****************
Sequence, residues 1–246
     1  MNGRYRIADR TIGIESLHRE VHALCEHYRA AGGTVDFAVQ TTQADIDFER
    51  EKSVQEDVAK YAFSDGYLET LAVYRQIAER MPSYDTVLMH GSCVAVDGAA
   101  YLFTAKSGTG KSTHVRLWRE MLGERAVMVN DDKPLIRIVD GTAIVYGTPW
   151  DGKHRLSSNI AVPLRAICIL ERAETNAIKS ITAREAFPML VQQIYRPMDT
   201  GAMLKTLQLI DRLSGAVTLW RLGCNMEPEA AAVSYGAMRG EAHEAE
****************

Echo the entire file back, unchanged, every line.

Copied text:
Sequence, residues 1–246
     1  MNGRYRIADR TIGIESLHRE VHALCEHYRA AGGTVDFAVQ TTQADIDFER
    51  EKSVQEDVAK YAFSDGYLET LAVYRQIAER MPSYDTVLMH GSCVAVDGAA
   101  YLFTAKSGTG KSTHVRLWRE MLGERAVMVN DDKPLIRIVD GTAIVYGTPW
   151  DGKHRLSSNI AVPLRAICIL ERAETNAIKS ITAREAFPML VQQIYRPMDT
   201  GAMLKTLQLI DRLSGAVTLW RLGCNMEPEA AAVSYGAMRG EAHEAE